Better yet, issue your own [expletive deleted] press passes. That's what a lot of papers do. Laminate a card with your name, face, news agency name and a contact number. Present it to the guardians of whatever gate, and if they have a problem with it, they can phone your office and get a refresher course on freedom of the press …
MAN BITES DOG. Last week, SPJ Leads asked for people's favorite headlines. Here are a few.
FAVORITE HEADLINE #1: Edgar Miller (firstname.lastname@example.org) was managing editor of the at the Chattanooga Times in the 1980s when a runner named Virgin won a foot race. The sports department came up with the headline: "200 chase Virgin across finish."
For some reason, the publisher nixed it.
FAVORITE HEADLINE #2: Susan Schwartz of the Press Enterprise in Bloomsburg, Penn. (email@example.com) recalls when a heat wave swept through Pennsylvania and the local electric company was busy doing maintenance during what is usually a low-demand time of the year:
The headline? "Heat wave catches PP&L with its plants down."
AND ALSO...: Susan's favorite headline, however, ran in the New York Post after Marv Albert was fired shortly after reports he was a cross-dresser.
"Marv gets pink slip"
FAVORITE HEADLINE #3: Rebecca Dudley of the Brush News-Tribune in Colorado (firstname.lastname@example.org) was a copy editor when Chief Justice Warren Burger retired from the Supreme Court.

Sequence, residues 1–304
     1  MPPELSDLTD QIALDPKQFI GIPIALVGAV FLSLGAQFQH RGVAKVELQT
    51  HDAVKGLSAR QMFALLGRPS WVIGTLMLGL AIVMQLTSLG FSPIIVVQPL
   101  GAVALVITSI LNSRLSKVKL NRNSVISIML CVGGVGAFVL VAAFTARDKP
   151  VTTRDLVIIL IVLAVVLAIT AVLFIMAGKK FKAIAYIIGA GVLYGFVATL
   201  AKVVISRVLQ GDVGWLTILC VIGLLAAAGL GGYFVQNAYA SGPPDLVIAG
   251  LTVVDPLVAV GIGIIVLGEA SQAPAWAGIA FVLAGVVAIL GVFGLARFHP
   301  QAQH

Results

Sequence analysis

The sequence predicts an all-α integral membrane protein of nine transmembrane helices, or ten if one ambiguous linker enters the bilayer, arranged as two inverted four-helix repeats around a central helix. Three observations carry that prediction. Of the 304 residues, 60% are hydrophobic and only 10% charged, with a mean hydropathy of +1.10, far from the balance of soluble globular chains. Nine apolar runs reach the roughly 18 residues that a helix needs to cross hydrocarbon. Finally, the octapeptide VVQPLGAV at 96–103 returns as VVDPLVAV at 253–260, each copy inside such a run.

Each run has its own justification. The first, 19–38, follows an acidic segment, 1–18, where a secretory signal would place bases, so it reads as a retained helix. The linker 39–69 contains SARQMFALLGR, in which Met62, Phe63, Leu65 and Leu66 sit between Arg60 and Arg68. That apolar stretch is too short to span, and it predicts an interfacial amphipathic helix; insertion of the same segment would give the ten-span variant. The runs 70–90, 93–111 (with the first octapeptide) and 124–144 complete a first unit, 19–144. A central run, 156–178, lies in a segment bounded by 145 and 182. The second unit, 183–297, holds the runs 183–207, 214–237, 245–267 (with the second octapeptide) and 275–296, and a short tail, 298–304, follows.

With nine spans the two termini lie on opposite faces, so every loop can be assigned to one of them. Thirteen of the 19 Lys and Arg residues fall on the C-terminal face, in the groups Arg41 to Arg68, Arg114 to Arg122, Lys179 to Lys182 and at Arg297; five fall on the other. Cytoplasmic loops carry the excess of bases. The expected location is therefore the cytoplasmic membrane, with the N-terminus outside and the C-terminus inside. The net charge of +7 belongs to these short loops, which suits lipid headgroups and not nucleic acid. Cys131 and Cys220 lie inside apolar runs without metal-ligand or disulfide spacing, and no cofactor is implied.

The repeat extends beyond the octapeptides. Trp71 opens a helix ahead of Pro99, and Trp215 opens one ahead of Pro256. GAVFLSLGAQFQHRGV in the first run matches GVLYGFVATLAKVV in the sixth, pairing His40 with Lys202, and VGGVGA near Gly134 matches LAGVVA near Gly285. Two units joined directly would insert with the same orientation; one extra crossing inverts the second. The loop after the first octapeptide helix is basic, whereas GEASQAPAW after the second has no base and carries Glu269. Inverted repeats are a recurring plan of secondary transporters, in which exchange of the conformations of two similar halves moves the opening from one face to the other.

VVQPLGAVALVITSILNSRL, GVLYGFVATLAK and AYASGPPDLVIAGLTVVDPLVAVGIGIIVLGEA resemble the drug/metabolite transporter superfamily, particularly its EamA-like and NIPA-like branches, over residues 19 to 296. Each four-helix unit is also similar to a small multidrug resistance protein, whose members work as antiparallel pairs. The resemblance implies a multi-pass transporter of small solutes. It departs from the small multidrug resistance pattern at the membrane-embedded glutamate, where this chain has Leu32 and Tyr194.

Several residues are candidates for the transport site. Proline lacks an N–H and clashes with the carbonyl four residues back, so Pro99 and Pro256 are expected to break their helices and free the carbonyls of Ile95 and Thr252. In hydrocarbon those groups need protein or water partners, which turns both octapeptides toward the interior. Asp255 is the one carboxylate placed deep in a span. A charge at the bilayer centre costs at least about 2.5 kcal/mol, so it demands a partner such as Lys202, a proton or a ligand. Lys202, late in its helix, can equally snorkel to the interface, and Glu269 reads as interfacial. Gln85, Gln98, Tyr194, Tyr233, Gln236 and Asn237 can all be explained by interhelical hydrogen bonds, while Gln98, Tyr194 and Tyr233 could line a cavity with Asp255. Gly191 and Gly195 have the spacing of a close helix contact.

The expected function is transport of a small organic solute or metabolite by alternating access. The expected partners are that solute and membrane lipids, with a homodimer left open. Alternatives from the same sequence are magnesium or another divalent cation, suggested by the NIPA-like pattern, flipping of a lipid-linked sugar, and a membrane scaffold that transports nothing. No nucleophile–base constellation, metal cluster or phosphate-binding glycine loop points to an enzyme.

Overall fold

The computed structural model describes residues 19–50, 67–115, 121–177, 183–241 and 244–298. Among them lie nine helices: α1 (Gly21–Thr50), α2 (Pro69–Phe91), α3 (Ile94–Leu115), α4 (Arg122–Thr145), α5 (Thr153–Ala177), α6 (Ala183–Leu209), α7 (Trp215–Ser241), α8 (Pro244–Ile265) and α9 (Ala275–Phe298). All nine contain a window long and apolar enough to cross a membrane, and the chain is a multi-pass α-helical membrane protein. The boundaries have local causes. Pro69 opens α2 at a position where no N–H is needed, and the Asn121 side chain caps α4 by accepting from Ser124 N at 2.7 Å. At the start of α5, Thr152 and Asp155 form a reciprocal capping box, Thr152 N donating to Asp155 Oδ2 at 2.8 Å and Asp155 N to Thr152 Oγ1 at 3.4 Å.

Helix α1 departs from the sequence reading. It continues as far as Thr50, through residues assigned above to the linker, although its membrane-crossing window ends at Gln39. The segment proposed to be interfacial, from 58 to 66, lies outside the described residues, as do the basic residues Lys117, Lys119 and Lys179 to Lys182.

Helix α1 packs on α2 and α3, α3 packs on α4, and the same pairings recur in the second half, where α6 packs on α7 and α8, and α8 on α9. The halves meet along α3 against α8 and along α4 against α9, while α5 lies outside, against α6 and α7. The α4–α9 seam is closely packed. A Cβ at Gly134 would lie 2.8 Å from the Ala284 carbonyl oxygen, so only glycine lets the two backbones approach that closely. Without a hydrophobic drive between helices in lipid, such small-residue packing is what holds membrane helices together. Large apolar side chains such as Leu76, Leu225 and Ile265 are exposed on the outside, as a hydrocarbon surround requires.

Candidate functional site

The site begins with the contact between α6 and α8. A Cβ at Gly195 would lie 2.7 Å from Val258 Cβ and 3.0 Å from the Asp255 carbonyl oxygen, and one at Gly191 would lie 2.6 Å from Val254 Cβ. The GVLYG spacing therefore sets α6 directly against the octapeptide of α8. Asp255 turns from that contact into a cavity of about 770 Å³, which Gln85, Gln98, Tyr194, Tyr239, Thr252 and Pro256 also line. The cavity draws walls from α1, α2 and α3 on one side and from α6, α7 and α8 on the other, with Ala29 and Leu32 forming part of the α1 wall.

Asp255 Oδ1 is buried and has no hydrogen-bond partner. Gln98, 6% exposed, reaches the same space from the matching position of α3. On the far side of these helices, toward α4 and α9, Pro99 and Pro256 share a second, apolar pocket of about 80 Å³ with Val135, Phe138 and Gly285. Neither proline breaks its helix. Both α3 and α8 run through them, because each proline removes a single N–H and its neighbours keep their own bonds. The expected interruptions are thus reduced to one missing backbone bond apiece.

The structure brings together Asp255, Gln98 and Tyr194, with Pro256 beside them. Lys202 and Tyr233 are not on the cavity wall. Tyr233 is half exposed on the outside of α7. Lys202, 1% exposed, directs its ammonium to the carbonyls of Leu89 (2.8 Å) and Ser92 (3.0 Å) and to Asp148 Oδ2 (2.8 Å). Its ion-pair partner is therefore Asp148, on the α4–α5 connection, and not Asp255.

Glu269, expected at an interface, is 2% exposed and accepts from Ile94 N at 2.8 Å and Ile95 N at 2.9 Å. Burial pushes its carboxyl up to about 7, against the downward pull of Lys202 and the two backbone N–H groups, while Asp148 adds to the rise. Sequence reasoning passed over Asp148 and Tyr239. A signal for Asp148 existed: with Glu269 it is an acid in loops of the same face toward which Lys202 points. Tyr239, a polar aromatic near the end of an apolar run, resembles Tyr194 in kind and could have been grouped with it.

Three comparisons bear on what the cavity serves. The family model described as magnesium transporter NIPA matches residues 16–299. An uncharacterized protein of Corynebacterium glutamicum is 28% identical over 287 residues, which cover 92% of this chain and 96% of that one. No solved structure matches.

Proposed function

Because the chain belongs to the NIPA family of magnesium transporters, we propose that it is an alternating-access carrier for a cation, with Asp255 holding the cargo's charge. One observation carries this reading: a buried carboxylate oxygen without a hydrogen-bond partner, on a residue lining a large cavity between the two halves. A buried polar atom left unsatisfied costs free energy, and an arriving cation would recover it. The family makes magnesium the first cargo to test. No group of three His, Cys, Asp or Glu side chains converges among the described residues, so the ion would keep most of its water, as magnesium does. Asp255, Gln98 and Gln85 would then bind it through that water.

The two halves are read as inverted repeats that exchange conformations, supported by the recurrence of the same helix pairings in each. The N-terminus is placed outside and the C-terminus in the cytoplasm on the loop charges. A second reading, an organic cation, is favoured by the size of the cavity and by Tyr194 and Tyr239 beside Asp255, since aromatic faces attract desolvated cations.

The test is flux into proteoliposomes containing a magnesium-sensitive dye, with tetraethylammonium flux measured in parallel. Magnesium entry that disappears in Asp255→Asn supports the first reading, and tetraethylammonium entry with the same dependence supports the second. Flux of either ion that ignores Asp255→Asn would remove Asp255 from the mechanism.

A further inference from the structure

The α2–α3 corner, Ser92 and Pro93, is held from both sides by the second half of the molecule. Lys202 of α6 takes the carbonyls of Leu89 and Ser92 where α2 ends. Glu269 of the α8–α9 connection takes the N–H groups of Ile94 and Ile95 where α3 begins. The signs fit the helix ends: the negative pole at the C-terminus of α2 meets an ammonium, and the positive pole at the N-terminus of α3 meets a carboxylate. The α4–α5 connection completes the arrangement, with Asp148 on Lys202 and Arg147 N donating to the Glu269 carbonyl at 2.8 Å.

Her paper's headline? "Burger to go."
WHAT'S SO GREAT ABOUT BEING FUNNY?: There's nothing “great” about funny headlines, says SPJ member Renee Petrina (email@example.com). "As a copy editor, I appreciate the occasional funny head, but that's not what I strive for -- especially not the obvious pun," says Renee, a "self-professed grammar and usage nitpicker."
"I don't mind that Leads is collecting headlines. In fact, I've been happy to see more mentions of copy editing in Leads recently. But please call them funny or quirky or amusing. Just not `great.'
"What I would call great headlines are rarely funny, but they have fantastic verbs."
HERE COME THE JUDGES. The national SPJ office is looking for volunteers to judge the Mark of Excellence and Sigma Delta Chi awards. Contact Heather Porter, assistant director of programs, at 317-927-8000 or by e-mailing her at firstname.lastname@example.org.
LAME JOURNALISM JOKE OF THE WEEK. Reporters in the newsroom tied garlic around the neck of their old curmudgeonly editor while he was sleeping off deadline at his desk. When he woke up, he got a snoot full. "I knew," he grumbled. "The whole damn world stinks."
COMIC BOOK QUOTE OF THE WEEK. "So Perry sent me, me of all people, to investigate all the weird events that have had Superman's name attached. Or course, I refused, until he pulled out the all-time, hideously-unfair-but-nonetheless-effective, guaranteed argument-winning gambit. He said, `Oh, I'm sorry Miss Lane. I mistook you for a reporter.' "
-- Lois Lane